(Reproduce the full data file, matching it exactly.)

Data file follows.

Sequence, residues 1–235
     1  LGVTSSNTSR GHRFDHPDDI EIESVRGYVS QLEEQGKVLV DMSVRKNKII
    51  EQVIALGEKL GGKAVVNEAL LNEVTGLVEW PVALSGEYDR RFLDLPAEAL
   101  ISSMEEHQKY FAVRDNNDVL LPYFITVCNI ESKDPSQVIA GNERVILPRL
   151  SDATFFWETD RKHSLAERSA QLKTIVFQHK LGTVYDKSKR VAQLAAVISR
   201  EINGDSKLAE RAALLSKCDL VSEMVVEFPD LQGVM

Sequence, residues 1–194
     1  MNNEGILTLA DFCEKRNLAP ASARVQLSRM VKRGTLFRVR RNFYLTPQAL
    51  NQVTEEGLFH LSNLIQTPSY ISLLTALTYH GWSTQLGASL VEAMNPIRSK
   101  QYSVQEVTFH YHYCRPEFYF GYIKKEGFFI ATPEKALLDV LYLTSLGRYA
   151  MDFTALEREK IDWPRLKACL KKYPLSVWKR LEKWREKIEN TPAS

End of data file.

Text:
Sequence, residues 1–235
     1  LGVTSSNTSR GHRFDHPDDI EIESVRGYVS QLEEQGKVLV DMSVRKNKII
    51  EQVIALGEKL GGKAVVNEAL LNEVTGLVEW PVALSGEYDR RFLDLPAEAL
   101  ISSMEEHQKY FAVRDNNDVL LPYFITVCNI ESKDPSQVIA GNERVILPRL
   151  SDATFFWETD RKHSLAERSA QLKTIVFQHK LGTVYDKSKR VAQLAAVISR
   201  EINGDSKLAE RAALLSKCDL VSEMVVEFPD LQGVM

Sequence, residues 1–194
     1  MNNEGILTLA DFCEKRNLAP ASARVQLSRM VKRGTLFRVR RNFYLTPQAL
    51  NQVTEEGLFH LSNLIQTPSY ISLLTALTYH GWSTQLGASL VEAMNPIRSK
   101  QYSVQEVTFH YHYCRPEFYF GYIKKEGFFI ATPEKALLDV LYLTSLGRYA
   151  MDFTALEREK IDWPRLKACL KKYPLSVWKR LEKWREKIEN TPAS